Daily Briefing

Ten Things You Need to Know Today: 14 April 2022

The Week’s daily digest of the news agenda, published at 8am

1

UK to send migrants to Rwanda

Some asylum seekers will be flown 4,500 miles to Rwanda to have their applications processed under plans to be announced by Priti Patel today. Boris Johnson will deliver a speech in Kent to coincide with the announcement. The prime minister is expected to say: “The British people voted several times to control our borders, not to close them, but to control them.” Labour has said the plan is “unworkable, unethical and extortionate”, while the Refugee Council criticised it as “cruel”. It is modelled on Australian offshore processing centres on the islands of Nauru and Manus in Papua New Guinea.

2

Lord quits over Partygate

A Conservative peer has resigned as justice minister over parties held on Downing Street during lockdown. In a letter to Boris Johnson, Lord David Wolfson criticised the “official response” to “repeated rule-breaking”. Wolfson, who has been a justice minister since December 2020, is the first person to quit the government since reports of lockdown parties emerged. The prime minister and Chancellor Rishi Sunak were both fined this week for attending a birthday party in the cabinet room on Downing Street in June 2020.

3

Russian warship damaged

Moscow has said its flagship cruiser Moskva has been “seriously damaged” by an explosion. Russia’s defence ministry did not reveal the cause of the fire, however, Ukraine said the vessel was struck by their Neptune missiles. The warship gained notoriety at the start of Russia’s invasion when Ukrainian border troops defending Snake Island told its crew to “go f**k yourself”. Meanwhile, Moscow said more than 1,000 Ukrainian marines defending the besieged city of Mariupol have surrendered and the port has been captured.

4

WHO claims attention bias

The world does not give equal attention to emergencies affecting black and white people, the head of the World Health Organization has warned. Secretary General Tedros Adhanom Ghebreyesus said helping Ukraine is “very important”, while adding that Ethiopia, Yemen, Afghanistan and Syria are not receiving the same degree of attention. “I don’t know if the world really gives equal attention to black and white lives,” he told a news conference. Last month, Tedros said there was “nowhere on Earth where the health of millions of people is more under threat” than Ethiopia’s Tigray region.

5

Sri Lanka to default on debt

Two of the world’s largest credit rating agencies have warned that Sri Lanka is on the verge of defaulting on its debts. S&P Global Ratings said that a default is now a “virtual certainty”, while Fitch Ratings lowered its assessment of the South Asian nation, warning “a sovereign default process has begun”. Sri Lanka said it will temporarily default on its foreign debts as it faces its worst economic crisis in more than 70 years. It has been “beset by shortages of food and fuel”, Al Jazeera reported, “with schools forced to cancel exams for lack of paper”.

6

Meteors ‘could deliver life from other systems’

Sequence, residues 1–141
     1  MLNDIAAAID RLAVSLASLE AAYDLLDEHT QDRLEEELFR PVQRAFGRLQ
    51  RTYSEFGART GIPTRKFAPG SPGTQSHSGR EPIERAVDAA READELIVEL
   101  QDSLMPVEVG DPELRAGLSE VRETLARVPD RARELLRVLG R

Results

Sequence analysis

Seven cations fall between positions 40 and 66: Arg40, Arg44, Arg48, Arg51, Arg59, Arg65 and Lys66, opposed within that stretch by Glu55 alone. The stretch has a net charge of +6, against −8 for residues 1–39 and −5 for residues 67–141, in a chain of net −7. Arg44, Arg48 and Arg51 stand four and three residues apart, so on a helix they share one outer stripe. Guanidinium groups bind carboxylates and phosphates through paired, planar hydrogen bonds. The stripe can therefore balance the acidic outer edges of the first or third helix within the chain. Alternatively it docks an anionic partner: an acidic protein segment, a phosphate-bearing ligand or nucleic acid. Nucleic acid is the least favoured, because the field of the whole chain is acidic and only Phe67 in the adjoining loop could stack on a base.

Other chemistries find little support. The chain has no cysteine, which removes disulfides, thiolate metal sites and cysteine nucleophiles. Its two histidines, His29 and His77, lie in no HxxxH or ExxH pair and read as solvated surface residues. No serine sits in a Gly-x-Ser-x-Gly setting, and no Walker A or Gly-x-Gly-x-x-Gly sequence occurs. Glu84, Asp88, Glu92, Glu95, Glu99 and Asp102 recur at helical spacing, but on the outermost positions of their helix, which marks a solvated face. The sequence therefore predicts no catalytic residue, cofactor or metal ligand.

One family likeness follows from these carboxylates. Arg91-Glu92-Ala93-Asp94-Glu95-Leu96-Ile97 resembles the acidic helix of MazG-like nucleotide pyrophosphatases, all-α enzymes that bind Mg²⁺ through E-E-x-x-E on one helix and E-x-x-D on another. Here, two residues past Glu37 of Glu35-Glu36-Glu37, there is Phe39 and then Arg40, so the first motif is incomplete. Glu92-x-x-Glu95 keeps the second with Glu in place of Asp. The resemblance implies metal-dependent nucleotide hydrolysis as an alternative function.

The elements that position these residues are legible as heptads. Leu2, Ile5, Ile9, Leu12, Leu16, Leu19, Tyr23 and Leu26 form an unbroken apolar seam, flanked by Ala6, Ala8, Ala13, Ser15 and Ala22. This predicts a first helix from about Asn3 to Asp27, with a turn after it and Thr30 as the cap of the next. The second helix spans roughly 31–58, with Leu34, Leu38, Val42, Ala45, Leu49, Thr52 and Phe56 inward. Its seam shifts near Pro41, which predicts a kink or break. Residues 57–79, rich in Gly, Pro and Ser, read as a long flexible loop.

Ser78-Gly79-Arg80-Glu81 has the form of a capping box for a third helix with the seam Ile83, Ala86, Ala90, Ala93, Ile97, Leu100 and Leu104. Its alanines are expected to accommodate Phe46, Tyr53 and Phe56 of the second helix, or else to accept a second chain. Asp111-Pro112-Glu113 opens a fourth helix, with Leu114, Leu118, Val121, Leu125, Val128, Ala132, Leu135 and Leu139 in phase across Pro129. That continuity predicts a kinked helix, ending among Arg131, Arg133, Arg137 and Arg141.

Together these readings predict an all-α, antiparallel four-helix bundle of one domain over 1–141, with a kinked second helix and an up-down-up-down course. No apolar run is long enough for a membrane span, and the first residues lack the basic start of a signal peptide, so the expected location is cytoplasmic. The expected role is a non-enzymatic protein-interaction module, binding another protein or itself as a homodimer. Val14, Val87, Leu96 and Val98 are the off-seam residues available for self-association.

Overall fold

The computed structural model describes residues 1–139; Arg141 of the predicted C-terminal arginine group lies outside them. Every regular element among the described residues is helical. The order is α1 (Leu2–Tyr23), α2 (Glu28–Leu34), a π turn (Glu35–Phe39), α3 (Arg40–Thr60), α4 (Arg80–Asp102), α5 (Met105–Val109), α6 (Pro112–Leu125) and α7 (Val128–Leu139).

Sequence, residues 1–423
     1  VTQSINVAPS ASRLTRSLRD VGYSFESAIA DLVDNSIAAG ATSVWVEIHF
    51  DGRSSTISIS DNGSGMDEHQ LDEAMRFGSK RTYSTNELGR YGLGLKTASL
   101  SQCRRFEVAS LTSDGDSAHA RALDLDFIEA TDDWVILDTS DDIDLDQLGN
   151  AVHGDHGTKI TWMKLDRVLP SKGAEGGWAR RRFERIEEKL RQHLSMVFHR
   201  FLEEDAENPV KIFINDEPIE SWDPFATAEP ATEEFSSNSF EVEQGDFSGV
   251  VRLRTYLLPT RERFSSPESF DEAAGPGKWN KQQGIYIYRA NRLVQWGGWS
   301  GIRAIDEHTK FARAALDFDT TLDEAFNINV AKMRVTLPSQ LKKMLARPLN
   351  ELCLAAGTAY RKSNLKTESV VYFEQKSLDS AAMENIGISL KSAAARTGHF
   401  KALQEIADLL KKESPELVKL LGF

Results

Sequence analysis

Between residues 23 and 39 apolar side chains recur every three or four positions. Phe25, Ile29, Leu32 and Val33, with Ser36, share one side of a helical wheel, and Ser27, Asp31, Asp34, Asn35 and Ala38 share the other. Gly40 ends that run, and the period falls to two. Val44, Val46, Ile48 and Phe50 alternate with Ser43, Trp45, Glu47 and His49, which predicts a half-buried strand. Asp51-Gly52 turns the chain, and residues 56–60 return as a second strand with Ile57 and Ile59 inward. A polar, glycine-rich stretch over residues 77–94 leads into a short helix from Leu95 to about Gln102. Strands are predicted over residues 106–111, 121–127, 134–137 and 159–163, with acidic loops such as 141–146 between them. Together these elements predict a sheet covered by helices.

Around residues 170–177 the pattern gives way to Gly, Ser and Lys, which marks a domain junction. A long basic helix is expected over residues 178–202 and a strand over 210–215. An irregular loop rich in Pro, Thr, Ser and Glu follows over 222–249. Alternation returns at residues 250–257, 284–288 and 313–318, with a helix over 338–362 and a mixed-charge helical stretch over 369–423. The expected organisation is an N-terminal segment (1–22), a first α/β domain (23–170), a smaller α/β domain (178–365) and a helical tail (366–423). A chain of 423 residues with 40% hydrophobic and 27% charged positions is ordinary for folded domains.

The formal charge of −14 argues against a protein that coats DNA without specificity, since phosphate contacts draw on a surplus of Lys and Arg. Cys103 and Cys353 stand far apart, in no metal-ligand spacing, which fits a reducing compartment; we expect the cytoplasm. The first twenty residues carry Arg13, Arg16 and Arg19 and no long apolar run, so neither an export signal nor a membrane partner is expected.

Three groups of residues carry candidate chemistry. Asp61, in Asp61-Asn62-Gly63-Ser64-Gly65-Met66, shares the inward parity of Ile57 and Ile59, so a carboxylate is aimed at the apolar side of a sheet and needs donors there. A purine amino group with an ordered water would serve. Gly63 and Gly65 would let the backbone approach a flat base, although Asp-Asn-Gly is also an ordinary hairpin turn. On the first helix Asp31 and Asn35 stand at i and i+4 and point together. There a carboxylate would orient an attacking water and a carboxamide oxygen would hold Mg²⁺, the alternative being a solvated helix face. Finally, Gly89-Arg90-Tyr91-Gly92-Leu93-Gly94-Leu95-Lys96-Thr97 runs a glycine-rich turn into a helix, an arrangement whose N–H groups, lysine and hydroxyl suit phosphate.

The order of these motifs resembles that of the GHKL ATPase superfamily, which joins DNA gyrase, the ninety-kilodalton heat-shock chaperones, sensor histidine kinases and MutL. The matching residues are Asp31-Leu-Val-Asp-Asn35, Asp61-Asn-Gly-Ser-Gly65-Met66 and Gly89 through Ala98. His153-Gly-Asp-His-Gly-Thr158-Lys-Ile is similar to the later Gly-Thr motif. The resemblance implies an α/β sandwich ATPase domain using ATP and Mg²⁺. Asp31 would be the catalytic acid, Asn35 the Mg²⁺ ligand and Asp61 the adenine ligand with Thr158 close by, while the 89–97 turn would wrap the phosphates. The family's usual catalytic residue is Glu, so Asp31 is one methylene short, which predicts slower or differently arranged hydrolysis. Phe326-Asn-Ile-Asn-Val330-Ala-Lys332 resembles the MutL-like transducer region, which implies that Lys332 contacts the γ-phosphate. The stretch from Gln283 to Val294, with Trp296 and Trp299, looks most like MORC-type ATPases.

The US Space Command has confirmed that a space rock from another star system struck Earth in 2014. The Independent said the announcement “raises the possibility” of collecting fragments of the alien meteorite from the Pacific ocean where it exploded in a fireball. The new US Space Command memo appears to confirm the work of Harvard astronomers Amir Siraj and Abraham Loeb. In 2019, the pair said interstellar meteors could “potentially deliver life from another planetary system”.

7

Jersey freezes Abramovich assets

Roman Abramovich has had more than £5.4bn of his assets frozen in Jersey. The Royal Court of Jersey announced that it had imposed a formal freezing order on “assets understood to be valued in excess of $7bn, which are suspected to be connected to Mr Abramovich and which are either located in Jersey or owned by Jersey incorporated entities”. The Russian oligarch has also had 12 luxury properties seized by the French government, including a near-£100m villa on the Riviera that was once the holiday home of King Edward VIII.

8

Brooklyn shooting suspect arrested

Police in New York City have arrested a man suspected of shooting 10 commuters at a Brooklyn subway station. Frank James, 62, is alleged to have donned a construction worker’s helmet, vest and a gas mask before hurling smoke grenades and opening fire. He gave himself up to the authorities, after being spotted at a McDonald’s on the Lower East Side of Manhattan. The motive for the shooting is not yet known.

9

Rents rising at record rate

Private rents in Britain are rising at a record rate, according to industry figures. Rightmove found that rents had risen by 14% in a year in London and by more than 19% in hotspots such as Swansea and Manchester. The average advertised rent outside London is 10.8% higher than a year ago, leaving tenants grappling with “the most competitive rental market ever recorded”, said the property website. An estimated 11m people rent privately in England. The sector has doubled in size over the past 20 years.

10

Vegan diets may help dogs

A vegan diet may enable dogs to stay fit and cut their risk of ill health by as much as a third, an expert has claimed. Andrew Knight, a professor of animal welfare and ethics at the University of Winchester, said: “People are recognising in their own lifestyles that we have to look at things differently. And, actually, some people are starting to think about that for their dogs as well.” The Telegraph said that “vegan-friendly dog food diets” are becoming increasingly popular and are favoured by celebrities including Lewis Hamilton and Joaquin Phoenix.

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